Truth Redux

I guess I’m incorrigible on this point.

There’s an old lawyer I know who tells a story of a personal injury case from many years ago, during that brief interlude when courts were inclined to entertain them and juries were inclined to reward them.

Yes, it was a very long time ago, and the interlude was so brief few remember it.  It probably coincided with three martini lunches, which have also vanished down history’s memory hole, resurfacing only in fictional contexts like television’s “Mad Men” series.

In any case, in this personal injury case there was a one car accident that left a man paralyzed.  A very young man, so this was very tragic.  Could a lawyer do something to deliver a pot of money when there’s a one car accident and thus probably no one to sue?

To make a long story short, the case was turned into a products liability case, though of course this was before we really called anything a “products liability” case.  Everything was just “negligence”.

The idea was to blame the car and sue the manufacturer, since no one else could be to blame except the driver and, you know, you can’t sue yourself.  Since it was a one car accident, you see.  And the manufacturer is conveniently a car company with lots of money and insurance, so in the end if you win the bill you send can be paid.*

The ‘theory of liability’ was that the car was negligently built or designed – that is, that it was ‘defective’ – and it all had something to do with the way the doors were designed.  Somehow, the manufacturer should have made them differently and if they had the young man would not have been catastrophically injured, as indeed he had been.

The case went on its merry way and sometime before or maybe it was during trial there was a substantial settlement in the young man’s favor.

But here’s the thing:  the old lawyer (who was then young, of course) was very pleased with himself and so were his partners and everyone else in the office, and one of the reasons was that, as they often told it, the whole defective door argument was just something invented out of whole cloth, made up, then justified and rationalized and advanced and pressed to a successful conclusion.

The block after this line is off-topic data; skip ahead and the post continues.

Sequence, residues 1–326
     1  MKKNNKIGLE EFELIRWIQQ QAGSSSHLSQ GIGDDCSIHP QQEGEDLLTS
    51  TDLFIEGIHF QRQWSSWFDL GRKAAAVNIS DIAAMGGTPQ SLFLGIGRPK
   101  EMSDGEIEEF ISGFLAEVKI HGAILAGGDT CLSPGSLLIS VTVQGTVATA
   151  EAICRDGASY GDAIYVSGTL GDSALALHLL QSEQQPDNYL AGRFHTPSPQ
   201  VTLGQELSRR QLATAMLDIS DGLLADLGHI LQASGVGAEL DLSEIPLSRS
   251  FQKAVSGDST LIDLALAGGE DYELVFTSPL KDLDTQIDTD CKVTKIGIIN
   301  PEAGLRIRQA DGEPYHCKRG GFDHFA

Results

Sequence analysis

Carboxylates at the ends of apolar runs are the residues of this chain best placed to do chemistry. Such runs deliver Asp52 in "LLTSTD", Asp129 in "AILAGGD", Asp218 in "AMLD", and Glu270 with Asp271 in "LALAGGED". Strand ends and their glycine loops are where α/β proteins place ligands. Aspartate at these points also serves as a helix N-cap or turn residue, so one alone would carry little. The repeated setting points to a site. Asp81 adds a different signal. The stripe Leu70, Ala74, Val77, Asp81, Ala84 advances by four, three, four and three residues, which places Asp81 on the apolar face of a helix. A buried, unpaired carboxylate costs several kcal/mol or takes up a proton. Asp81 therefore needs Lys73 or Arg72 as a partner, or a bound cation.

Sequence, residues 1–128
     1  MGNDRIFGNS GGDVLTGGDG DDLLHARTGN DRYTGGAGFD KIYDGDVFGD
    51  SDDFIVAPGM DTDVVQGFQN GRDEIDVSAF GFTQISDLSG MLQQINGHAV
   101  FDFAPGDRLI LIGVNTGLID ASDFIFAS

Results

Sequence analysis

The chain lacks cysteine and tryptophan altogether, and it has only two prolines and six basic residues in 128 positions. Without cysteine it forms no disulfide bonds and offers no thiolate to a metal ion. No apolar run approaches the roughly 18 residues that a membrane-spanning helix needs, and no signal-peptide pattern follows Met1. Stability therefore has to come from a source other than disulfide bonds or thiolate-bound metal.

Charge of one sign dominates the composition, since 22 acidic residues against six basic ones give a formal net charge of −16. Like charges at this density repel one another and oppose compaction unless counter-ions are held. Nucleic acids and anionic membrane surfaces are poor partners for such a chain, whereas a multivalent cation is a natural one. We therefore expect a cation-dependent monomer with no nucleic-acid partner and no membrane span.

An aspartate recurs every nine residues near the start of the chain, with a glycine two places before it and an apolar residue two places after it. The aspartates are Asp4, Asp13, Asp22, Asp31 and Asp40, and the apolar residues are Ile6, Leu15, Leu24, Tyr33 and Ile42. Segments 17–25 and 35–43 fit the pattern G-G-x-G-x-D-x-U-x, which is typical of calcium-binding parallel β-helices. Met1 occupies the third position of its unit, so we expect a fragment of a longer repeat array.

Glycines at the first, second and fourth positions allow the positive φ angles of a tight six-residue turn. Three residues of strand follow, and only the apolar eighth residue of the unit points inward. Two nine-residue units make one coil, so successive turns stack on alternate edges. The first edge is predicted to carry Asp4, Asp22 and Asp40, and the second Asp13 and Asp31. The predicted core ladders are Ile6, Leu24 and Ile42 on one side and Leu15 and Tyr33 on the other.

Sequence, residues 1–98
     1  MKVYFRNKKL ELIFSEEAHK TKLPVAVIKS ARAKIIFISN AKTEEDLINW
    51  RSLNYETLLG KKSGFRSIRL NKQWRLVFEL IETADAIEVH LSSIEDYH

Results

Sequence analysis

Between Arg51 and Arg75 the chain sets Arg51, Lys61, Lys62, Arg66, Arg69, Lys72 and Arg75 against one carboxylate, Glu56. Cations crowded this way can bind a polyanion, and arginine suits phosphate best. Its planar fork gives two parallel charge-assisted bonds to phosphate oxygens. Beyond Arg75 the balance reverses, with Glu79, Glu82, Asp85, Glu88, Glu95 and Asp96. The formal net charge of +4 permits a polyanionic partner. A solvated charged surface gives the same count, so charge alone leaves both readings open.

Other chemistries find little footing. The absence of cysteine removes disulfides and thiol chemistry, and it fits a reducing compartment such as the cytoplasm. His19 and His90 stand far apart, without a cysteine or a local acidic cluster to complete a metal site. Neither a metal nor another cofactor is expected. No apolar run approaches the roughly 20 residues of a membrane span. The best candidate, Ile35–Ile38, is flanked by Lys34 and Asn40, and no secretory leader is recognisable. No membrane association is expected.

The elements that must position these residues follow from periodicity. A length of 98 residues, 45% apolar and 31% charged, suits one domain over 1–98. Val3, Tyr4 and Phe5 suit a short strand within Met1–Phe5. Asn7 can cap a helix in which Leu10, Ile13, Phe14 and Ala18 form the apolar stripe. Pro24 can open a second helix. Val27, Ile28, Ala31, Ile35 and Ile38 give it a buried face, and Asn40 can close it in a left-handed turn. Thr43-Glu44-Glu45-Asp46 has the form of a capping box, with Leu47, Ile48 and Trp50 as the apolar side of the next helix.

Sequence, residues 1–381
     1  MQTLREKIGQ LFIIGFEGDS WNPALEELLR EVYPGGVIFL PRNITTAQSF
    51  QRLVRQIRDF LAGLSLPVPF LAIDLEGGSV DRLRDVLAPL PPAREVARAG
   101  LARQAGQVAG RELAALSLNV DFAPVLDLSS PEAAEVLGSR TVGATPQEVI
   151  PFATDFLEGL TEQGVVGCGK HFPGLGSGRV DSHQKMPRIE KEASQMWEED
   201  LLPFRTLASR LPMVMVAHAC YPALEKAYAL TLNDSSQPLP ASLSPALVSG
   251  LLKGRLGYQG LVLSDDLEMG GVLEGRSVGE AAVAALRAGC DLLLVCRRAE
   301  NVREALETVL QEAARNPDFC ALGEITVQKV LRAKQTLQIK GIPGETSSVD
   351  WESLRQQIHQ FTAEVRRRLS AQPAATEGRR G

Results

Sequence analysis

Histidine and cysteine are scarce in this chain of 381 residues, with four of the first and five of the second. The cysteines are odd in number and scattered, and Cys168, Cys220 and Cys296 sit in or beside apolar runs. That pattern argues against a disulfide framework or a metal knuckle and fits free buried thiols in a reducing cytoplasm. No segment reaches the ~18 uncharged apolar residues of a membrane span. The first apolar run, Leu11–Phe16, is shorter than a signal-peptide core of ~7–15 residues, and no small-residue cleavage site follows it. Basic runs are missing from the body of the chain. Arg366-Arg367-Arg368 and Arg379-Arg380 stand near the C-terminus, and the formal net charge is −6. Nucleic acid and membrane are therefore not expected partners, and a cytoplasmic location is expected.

For my own part, I’m not entirely sure that’s true.  I’ve never looked into the whole case very deeply; I just listened to the stories with the mild amusement that was intended in the telling.  But that’s not the point.

The point is, it’s a very dangerous thing for anyone – and especially lawyers – to conclude that the reality underlying a case doesn’t really exist or doesn’t matter, that litigation is a contest where the two opposing sides advance self-serving arguments and that the ‘evidence’ produced by each side is limited by little more than whatever one’s own imagination and self-interested will can achieve.  As if winning or losing a case is only the result of cunning and the simple desire to win rather than accurately ascertaining the underlying reality, or at least one side more accurately ascertaining it than the other side.

One of the main reasons this mindset is so dangerous is what might be called the marginalization of honesty.  An honest lawyer will not make a fight unless he thinks the underlying reality supports the fight he is making.  That doesn’t make him necessarily right, of course.  He might be wrong about the underlying reality.  But it matters whether he is honestly mistaken or, say, just doesn’t give a shit whether he is mistaken.  Or at least it should matter, even though the practical result might be the same:  mistaken is as mistaken does.

But notice, if he’s not honestly mistaken but being, say, deliberately deceptive, it resembles a very similar phenomenon to Bill Black’s adage that dishonesty drives honesty out of the market:  the honest lawyer can’t compete with the dishonest one.  A lawyer who will make any argument regardless of honesty will have a lot more winning arguments than an honest opponent.**  The honest lawyer is constrained by the limits of reality and the dishonest lawyer is not.

Of course the system addresses this after a fashion:  honesty from lawyers – whatever side they are representing – is to be presumed.  Not conclusively, but close.  This is because their fundamental honesty is supposed to be sorted out when they are admitted to practice - there is a rigorous vetting process for “character and fitness”.  That is not a joke.

But it seems like a joke, to everyone reading this.  And sadly, to judges and lawyers themselves.